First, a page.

Pakistan Seeking to Revive Khalistan Movement

Despite the comprehensive defeat of Khalistani terrorism as far back as in 1993, the cinema hall blasts in Ludhiana Oct 14 were just one more reminder, in a continuous succession of such reminders, that the Khalistani misadventure has not completely ended - and that it continues to play a central role in Pakistan's machinations against India.

While the murder of innocents inevitably adds an element of drama to such reminders, it also tends to detract from the fact that there is and has been a sustained effort to engineer a revival of terrorism in Punjab from the very moment of the defeat of the Khalistani movement.

Shortly after the Ludhiana incident, National Security Adviser M.K. Narayanan noted that "there has been a manifest attempt in Pakistan to build up a radical Sikh environment" and that "we have also seen signs of resuscitation of militant groups in Canada, the US and Germany".

These 'signs of resuscitation' were also visible during the orchestration of the Dera Sacha Sauda controversy in June 2007. Intelligence sources confirmed at that time that the trouble started from the gurdwara at Talwandi Sabo after a significant amount of 'chatter' between priests there and Pakistani Inter-Services Intelligence (ISI) handlers as well as Wadhawa Singh, the Babbar Khalsa International (BKI) 'chief', who is being retained in comfort - with a small surviving rump of cadres - at Karachi.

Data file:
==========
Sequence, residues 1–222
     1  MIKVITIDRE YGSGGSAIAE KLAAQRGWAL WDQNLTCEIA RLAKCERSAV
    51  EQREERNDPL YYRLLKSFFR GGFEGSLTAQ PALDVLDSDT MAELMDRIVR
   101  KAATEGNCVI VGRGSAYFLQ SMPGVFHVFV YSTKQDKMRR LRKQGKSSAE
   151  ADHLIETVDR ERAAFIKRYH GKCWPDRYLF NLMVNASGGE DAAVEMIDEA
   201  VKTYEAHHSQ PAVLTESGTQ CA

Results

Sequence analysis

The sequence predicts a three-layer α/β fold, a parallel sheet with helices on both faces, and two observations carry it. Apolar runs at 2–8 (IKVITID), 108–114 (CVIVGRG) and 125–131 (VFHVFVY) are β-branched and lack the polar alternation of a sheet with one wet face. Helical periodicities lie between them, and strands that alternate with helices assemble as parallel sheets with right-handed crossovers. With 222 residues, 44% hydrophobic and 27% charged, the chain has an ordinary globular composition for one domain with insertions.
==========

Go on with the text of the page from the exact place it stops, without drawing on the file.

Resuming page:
A similar effort was visible in the campaign against the Hindi film "Jo Bole So Nihal" in May 2005. As the protests gathered a measure of momentum, a series of bomb blasts were orchestrated by the BKI in cinema halls in Delhi in the expectation that these may provoke a wider reaction in Punjab.

Significantly, other than the principal executor of this serial bombing, Jagtar Singh Hawara, none of the other conspirators fit the profile of traditional conservative BKI activists. All those subsequently arrested had entirely mercenary reasons for joining the conspiracy and two of them were Hindus who planted the bombs for money.

The pattern of subversion is best reflected in the continuous stream of arrests and seizures of weapons and explosives across Punjab as well as in the occasional terrorist attack - successful or otherwise.

Between 1995 and 2005, for instance, at least 100 civilians were killed in terrorist violence in Punjab - overwhelmingly in bomb attacks on soft targets. Well over 1,000 kg of explosives and a large arsenal of small weapons have been recovered over this period.

The principal base of active Khalistani terrorist organizations thus remains in Pakistan, with several groups enjoying the active patronage of ISI, which has also assisted in coordinating their activities with Islamist terrorist organizations as well as with organized crime operators who have assisted in the movement of men and materials across the border into Punjab.

It is useful to recall the transparent effort to aid the mobilization of Khalistani elements under which Lt. Gen. (Retd.) Javed Nasir, a former ISI chief, was made chairman of the Pakistan Sikh Gurdwara Parbandhak Committee in 1999.